Market fundamentals will be determined by the speed and size of the recovery from the global recession. At this stage, 2009 will be a tough year for global consumer demand, and deflationary conditions will remain until 2010. Planned fiscal stimulus plans in China, USA and a host of lesser economies will assist with demand and consumer confidence, and this is likely to effect an improvement on commodity demand in 2010.
Longer term the economy will revive, driven by the planned Keynesian government expenditure, continued urbanisation in Asia and progressive industrialisation in the wider developing world. However, global growth will be at more modest levels in comparison to the last ten years. Thus spectacular growth was driven by four principal factors, a combination unlikely to be replicated any time too soon:
* Enormous increase in the availability of credit to households and industry, driven by innovations such as securitisation of receivables, deregulation of the banking industry, credit insurance and increased acceptance of risk.
* The initial high growth rate of industrialization of greater Asia, and the consequent development of this region into the world dominant manufacturing and metal powerhouse. The impact on the world was greater than any preceding Industrial Revolution.
* Tremendous productivity growth driven by an IT revolution which provided enormous communication, data flow and data storage capability at a fraction of previous historical costs.
* Huge growth in international trade that was by and large well managed by the World Trade Organisation. The compound growth rate of 5% has been unprecedented in recent economic history.
Global GDP growth rates will recover after the recession is over, but will be somewhat more modest at around 2% per annum below the rates experienced in the last five years.
iron ore prices will reduce substantially this year, but are likely to remain at historically high prices – a decline of 44% would still only push prices back to 2007 levels, itself a record-setting year for the industry. In the longer-term, iron ore prices will be maintained by the marginal high-cost production in China, which will support above-normal industry profitability for low-cost Brazilian and Australian producers.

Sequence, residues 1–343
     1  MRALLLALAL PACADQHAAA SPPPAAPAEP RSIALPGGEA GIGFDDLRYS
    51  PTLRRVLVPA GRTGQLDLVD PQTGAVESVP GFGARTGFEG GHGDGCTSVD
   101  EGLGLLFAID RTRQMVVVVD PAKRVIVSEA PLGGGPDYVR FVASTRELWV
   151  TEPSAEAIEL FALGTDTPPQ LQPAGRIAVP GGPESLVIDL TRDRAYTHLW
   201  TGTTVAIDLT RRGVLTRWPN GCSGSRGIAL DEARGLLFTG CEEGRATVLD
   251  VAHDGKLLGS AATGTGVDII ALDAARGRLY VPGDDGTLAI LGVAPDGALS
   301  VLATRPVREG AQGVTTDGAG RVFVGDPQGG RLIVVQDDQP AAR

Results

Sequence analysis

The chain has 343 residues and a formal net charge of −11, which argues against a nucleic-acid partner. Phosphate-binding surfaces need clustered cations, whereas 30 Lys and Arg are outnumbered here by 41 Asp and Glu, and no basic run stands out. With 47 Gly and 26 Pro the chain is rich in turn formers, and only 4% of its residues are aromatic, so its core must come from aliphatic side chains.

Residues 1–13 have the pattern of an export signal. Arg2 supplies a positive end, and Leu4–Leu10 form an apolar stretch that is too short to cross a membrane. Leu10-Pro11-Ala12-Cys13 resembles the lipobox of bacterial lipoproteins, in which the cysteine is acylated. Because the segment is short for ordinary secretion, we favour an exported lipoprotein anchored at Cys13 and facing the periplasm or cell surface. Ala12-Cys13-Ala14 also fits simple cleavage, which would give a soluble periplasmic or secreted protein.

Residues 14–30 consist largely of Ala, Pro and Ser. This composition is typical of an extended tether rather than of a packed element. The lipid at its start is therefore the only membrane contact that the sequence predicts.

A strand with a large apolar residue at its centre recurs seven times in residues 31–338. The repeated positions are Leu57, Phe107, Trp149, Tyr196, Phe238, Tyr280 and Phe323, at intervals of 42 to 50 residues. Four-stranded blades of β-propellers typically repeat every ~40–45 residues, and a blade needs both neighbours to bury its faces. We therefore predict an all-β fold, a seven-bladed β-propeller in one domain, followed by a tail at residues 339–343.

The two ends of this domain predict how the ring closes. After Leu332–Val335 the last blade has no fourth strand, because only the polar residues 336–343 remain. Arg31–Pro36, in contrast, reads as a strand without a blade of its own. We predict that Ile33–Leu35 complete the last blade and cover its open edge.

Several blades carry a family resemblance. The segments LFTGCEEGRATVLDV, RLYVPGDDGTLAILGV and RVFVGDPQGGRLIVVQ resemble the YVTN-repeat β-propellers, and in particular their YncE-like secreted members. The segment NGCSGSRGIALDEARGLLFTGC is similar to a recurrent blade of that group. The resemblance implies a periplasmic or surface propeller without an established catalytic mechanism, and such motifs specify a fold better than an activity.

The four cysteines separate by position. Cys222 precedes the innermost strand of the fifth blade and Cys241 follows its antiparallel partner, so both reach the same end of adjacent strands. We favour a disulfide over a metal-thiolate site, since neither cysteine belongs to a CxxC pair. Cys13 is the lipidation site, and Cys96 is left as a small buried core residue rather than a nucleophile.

Global Demand for Iron Ore by Region
Additional support will also come from the abandonment of new projects and expansion plans. AME forecasts that China will soon account for over 50% of traded world seaborne iron ore imports. China is also pursuing strategic targets overseas, acquiring significant overseas equity and encouraging the development of overseas projects.
2008 was initially a glorious year for iron ore exporters, with record prices and volumes.
* Vale obtained a 65% increase for Itabira fines and a “quality premium” for its Carajas fines.
* In June, Australian producers obtained a freight premium for the first time and saw increases of around 80% for fines and 97% for lumps.
Spot producers reveled in prices approaching US$200/tonne at the peak in March 2008, but it was short-lived as steel and spot ore prices collapsed from August 2008. The “day in the sun” is over for the time being.
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